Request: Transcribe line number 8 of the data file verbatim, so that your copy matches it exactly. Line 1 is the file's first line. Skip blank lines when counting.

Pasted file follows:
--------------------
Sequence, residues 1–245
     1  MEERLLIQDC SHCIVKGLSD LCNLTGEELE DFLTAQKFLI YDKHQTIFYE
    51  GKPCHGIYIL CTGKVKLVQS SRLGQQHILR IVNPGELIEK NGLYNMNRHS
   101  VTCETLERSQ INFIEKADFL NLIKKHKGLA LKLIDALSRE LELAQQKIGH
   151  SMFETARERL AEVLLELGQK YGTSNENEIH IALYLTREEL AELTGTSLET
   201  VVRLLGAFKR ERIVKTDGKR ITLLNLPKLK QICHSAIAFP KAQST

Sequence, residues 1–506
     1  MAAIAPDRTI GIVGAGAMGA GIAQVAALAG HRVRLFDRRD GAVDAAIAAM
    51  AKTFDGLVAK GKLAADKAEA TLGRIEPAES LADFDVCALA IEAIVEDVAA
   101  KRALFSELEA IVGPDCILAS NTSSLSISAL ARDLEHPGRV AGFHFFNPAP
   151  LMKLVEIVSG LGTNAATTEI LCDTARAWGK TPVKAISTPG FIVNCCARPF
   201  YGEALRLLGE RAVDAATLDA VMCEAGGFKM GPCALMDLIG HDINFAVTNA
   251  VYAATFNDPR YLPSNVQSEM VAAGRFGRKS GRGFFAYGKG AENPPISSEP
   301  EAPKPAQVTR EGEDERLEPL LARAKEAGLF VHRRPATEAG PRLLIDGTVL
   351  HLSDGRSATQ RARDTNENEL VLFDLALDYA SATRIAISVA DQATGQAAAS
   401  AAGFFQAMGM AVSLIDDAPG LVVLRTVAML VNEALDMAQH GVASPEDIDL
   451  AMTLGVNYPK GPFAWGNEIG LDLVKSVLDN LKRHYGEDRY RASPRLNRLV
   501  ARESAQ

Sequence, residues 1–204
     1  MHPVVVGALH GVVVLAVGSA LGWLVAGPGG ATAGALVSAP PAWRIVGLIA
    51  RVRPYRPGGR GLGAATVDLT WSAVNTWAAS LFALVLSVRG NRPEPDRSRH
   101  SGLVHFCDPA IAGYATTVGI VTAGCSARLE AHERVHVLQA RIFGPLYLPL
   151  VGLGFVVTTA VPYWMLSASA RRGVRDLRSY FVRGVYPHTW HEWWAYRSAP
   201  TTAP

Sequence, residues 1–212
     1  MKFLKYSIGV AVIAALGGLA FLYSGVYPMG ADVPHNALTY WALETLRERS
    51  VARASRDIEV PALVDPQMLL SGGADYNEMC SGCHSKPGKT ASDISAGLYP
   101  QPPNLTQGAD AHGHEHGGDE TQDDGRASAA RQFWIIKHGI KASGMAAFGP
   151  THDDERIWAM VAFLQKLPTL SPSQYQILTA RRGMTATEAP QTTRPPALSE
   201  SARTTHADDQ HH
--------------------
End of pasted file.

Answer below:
     1  MAAIAPDRTI GIVGAGAMGA GIAQVAALAG HRVRLFDRRD GAVDAAIAAM